Resolve to stop negotiating with yourself about writing

Is guilt about writing (or, more accurately, not writing) driving you crazy? I have a simple solution: stop negotiating with yourself….

I don’t believe in New Year’s resolutions, but if the changing of the calendar inspires you to make positive changes in your life, well, I’m all in favour of that. And if you’re writing, I have a suggestion for a change you might want to consider.

But, first, let me ask you a question. Do you ever make any of the following comments to yourself?

  • “I’ll do some writing right after breakfast when I’ve had the chance to wake up more fully.”
  • “I’ll get started on that report as soon as I’ve checked my email and made sure there aren’t any “bombs” waiting to go off and spoil my day.”
  • “I’ll begin my writing as soon as I’ve finished the afternoon meeting with my boss and my mind is free to concentrate.”
  • “I’ll write as soon as I can get the kids into bed.”

When I was a student, decades ago, I remember I used to resolve to start my studying or my paper-writing as soon as the clock hit the hour. “I’ll begin at 2 pm,” I’d tell myself, taking the time to get myself a drink or a snack first. Guess what inevitably happened? The next time I looked at the clock it would be 2:07 pm and I’d postpone again, until 3 pm. (What on earth was my attraction to the round hour?) Entire days could disappear this way!

Many of my clients engage in similar behaviour, delaying and postponing and procrastinating about writing. Even though some new research purports that negotiating with yourself is a good idea, I think it’s a bad idea for writers. Here are five reasons why:

  1. There will ALWAYS be reasons excuses. I wrote my first book when my triplets were teenagers. If I had looked at my schedule realistically, I would certainly have told myself that I didn’t have nearly enough time for this book-writing nonsense. If you allow yourself to negotiate with yourself about the act of writing, you’ll quickly conclude that you just don’t have the bandwidth for it. (Instead, it’s better to learn that we can all make time for the tasks that are important to us.)
  2. Negotiation makes you focus on problems rather than solutions. As you work to convince yourself to write, the argument in your head will likely go something like this:
    1. I need to write this morning…
    2. I don’t have any good ideas right now….
    3. My writing is probably going to be really bad….
    4. I’m going to feel like a fool when my boss/readers see this…
    5. I think it would be better if I didn’t write right now….
  3. You will build a self-image of being unreliable and undependable. Many of my clients feel bad about themselves because they can’t find the time to write. This feeling is a natural outgrowth of big expectations (i.e., writing a book or a thesis or even maintaining a weekly blog) and your inability to live up to them. If you tell yourself you’re going to write every day and then you fail to achieve that goal, you’re going to feel inadequate. No one wants to feel inadequate so, as quickly as possible, you’re likely to try to put the idea of writing out of your mind.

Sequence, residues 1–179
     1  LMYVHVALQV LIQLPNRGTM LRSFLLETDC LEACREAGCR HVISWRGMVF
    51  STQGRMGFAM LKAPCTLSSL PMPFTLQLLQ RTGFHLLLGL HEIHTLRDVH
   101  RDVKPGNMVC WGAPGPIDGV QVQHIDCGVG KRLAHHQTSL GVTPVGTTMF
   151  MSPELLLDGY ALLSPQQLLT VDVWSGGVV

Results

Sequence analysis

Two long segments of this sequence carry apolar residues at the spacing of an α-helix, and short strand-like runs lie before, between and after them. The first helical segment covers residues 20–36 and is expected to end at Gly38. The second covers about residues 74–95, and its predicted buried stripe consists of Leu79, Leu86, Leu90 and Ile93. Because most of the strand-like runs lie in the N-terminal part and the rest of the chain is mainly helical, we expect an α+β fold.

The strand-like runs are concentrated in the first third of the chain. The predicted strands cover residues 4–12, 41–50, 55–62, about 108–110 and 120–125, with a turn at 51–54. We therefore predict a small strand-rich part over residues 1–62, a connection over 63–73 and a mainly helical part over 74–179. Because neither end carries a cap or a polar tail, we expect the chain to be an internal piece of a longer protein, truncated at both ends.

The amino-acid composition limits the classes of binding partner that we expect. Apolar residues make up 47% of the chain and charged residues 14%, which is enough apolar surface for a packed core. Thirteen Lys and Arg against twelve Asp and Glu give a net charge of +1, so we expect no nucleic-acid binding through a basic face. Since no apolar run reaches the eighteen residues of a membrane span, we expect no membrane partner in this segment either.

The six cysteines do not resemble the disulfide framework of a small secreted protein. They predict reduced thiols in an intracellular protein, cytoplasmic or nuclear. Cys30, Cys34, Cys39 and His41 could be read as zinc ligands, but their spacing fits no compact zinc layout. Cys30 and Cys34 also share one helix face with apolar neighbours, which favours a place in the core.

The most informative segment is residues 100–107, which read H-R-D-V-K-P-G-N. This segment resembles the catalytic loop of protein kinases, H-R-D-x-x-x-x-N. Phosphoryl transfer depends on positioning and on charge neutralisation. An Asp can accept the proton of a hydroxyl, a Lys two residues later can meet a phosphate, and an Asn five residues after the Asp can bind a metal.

4. Negotiation leads to guilt. If you allow the “threat” of having to write to hang over your head all day, you’re going to feel guilty about not writing. Who wants to do that? Guilt is not a rational feeling, and it’s often not a helpful one, either. Also, if you equate writing with guilt, then that’s only going to make writing seem even more unattractive to you. (It’s a far better strategy to write for a small amount of time every day and banish those feelings of guilt entirely.)
  5. You won’t be building a habit. If you try to negotiate yourself into writing, you’re going to be using willpower or self-motivation to get yourself to work. But willpower goes only so far (and it always runs out as the day wears on)  and even the best self-motivation in the world won’t get words on the page. What you need is a habit.

Instead of becoming a slick salesperson to yourself, have a look at your life and see where else you’ve succeeded. Do you:

  • Do dishes every day?
  • Make your bed every morning?
  • Brush your teeth every night?
  • Get exercise every day?

What has allowed you to accomplish these tasks? I guess you’ve turned them into habits. So, make writing a habit, too. Set a time, a place and a goal and do it, at least five days a week. Start with a really small goal so that that habit is easy to maintain. And get your writing done early in the day before you have time to start negotiating with yourself.

If you follow this plan, 2018 could be the year you turn yourself into a writer.

Are you able to ignore your guilt about not writing more? We can all learn from each other so, please, share your thoughts with my readers and me in the “comments” section, below. And congratulations to LJ Anderson, the winner of this month’s book prize, Becoming An Academic Writer by Patricia Goodson for a Dec. 5/17 comment on my blog. Anyone who comments on today’s post (or any others) by Jan. 31/18 will be put in a draw for a copy of Talent is Overrated, by Geoff Colvin. To leave your own comment, please, scroll down to the section, directly underneath the “related posts” links, below. Note that you don’t have to join the commenting software to post. See here to learn how to post as a guest.

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